You need to know how to manage your time and meet deadlines. You basically need to provide answers, or help with solutions to problems (not necessarily physics) that come up. You need to be to work closely with physicians and other medical , technical and administrative.personnel. You need to understand how everything works and to find solutions to problems when they don't but you do not necessarily have to fix anything yourself and sometime you should not even try.as long as you can assure that it will be competently fixed. It is a wonderful career but demanding on time and sometimes ingenuity.and can be quite stressful.

    For a good article on medical physics see https://www.physicsforums.com/insights/become-medical-physicist-3653-easy-steps/

    Good luck in you endeavor.
     
  4. Sep 30, 2016 #3

    Choppy

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    Gleem answered while I was writing...

    Medical physics programs will vary considerably in the level of mathematics that they cover. In some programs you may be independently writing code that can take raw data from a CT scanner and run it though a filtered back-projected algorithm and ultimately construct an image out of it or fumble through an MRI pulse sequence. These kinds of things are going to require that you're fairly comfortable with working in Fourier space and being comfortable with transforms. If you're comfortable with Boas' mathematical methods book or the equivalent, you should be just fine. Other programs are less rigorous.

    In day-to-day radiation oncology physics, the math is not quite to that level. Probably about 95% of what you do is high-school level. In my experience the most challenging stuff comes in research projects and you have a fair amount of choice in the direction you take there.

    I'm not really sure how to respond to this one. I don't know what the "intellectual level" of a physicist is. From my point of view (I'm a medical physicist in radiation oncology), medical physics is really a lot more like what most people would think of as engineering than as physics. Although, to be fair, I think that there's a big difference between what working as a physicist actually is and what it seems like it should be regardless of the field. There's a lot more time spent trying to figure out where the bug is in 10000 lines of code or calibrating a calorimeter than there is deriving the mass of the Higgs boson.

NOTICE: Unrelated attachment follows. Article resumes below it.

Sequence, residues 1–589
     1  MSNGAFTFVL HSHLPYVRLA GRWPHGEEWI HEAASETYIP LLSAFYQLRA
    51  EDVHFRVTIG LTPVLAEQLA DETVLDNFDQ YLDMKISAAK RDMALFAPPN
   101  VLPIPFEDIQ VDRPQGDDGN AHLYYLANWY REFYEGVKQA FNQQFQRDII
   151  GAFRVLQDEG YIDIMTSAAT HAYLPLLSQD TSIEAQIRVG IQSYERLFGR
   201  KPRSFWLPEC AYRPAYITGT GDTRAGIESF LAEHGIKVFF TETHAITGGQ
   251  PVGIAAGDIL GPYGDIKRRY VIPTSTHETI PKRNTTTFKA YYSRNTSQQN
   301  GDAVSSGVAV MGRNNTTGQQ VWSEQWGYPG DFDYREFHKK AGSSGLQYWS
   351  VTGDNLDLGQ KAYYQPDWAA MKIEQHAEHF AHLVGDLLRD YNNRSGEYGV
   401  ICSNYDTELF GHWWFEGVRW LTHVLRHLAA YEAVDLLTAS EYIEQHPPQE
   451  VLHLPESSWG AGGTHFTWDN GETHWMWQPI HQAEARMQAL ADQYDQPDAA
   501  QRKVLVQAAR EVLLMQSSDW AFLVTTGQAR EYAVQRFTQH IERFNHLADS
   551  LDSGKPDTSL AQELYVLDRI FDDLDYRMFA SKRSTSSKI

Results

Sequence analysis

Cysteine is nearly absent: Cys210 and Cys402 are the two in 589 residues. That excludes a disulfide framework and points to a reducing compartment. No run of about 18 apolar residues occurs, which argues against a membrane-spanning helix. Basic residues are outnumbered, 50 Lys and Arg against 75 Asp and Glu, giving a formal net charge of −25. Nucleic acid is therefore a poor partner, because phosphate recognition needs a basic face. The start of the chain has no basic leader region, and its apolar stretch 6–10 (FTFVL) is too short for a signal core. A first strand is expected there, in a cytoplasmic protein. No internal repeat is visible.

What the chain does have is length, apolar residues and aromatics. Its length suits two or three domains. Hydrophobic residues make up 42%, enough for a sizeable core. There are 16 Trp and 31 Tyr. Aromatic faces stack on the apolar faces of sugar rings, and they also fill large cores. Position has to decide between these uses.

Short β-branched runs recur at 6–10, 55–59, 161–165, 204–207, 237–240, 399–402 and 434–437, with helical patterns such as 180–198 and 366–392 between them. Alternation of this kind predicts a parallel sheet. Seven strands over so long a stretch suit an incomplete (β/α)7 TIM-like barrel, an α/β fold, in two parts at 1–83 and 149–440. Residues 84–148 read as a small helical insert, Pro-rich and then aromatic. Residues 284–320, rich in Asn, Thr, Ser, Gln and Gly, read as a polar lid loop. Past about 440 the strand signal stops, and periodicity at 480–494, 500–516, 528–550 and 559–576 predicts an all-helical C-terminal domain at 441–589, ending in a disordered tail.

There certainly are examples of people who come from other fields who are successful in medical physics. They tend more often to come from engineering or other physical sciences though.

    One thing that's a little different with medical physics is that you have to be able to speak a lot of different technical languages: physics, IT, medicine, biology, electronics, computer code, admin policies and procedures, law, salesman, etc. So what you may not see in depth in any one of those subjects is made up for in the cumulative breadth of all of them.

    Yeah - there's a lot of clinical problem solving. We spend a lot of time measuring things and then figuring out why those measurements aren't coming out the way they are supposed to, how to fix the problem, and what, if any, impact all that will that have on clinical operations. Generally we work with electronics technicians who do the heavy electronics stuff - replacing circuit boards, adjusting potentiometers, etc. But you have to have a reasonable idea of what those guys are doing because often you're the one they come to when they have problems (and vice versa).

    Another big part of the job is setting up new equipment and establishing new procedures. Sometimes this is fun. Sometimes it's a lot of trouble shooting. If you like being the first person to work through a new piece of technology, that's a good thing. If you prefer to have step-by-step instructions for anything technical, that might be a flag.